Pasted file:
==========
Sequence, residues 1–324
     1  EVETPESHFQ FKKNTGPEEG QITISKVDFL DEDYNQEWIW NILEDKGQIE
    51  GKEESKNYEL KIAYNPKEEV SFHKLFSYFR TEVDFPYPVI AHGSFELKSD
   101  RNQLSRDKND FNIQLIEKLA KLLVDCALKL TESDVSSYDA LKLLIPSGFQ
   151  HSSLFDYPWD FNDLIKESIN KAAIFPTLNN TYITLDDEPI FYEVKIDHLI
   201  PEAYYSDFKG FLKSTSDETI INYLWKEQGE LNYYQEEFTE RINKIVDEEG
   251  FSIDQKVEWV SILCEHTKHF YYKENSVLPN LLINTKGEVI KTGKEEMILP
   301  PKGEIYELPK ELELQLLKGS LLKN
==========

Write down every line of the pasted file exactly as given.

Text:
Sequence, residues 1–324
     1  EVETPESHFQ FKKNTGPEEG QITISKVDFL DEDYNQEWIW NILEDKGQIE
    51  GKEESKNYEL KIAYNPKEEV SFHKLFSYFR TEVDFPYPVI AHGSFELKSD
   101  RNQLSRDKND FNIQLIEKLA KLLVDCALKL TESDVSSYDA LKLLIPSGFQ
   151  HSSLFDYPWD FNDLIKESIN KAAIFPTLNN TYITLDDEPI FYEVKIDHLI
   201  PEAYYSDFKG FLKSTSDETI INYLWKEQGE LNYYQEEFTE RINKIVDEEG
   251  FSIDQKVEWV SILCEHTKHF YYKENSVLPN LLINTKGEVI KTGKEEMILP
   301  PKGEIYELPK ELELQLLKGS LLKN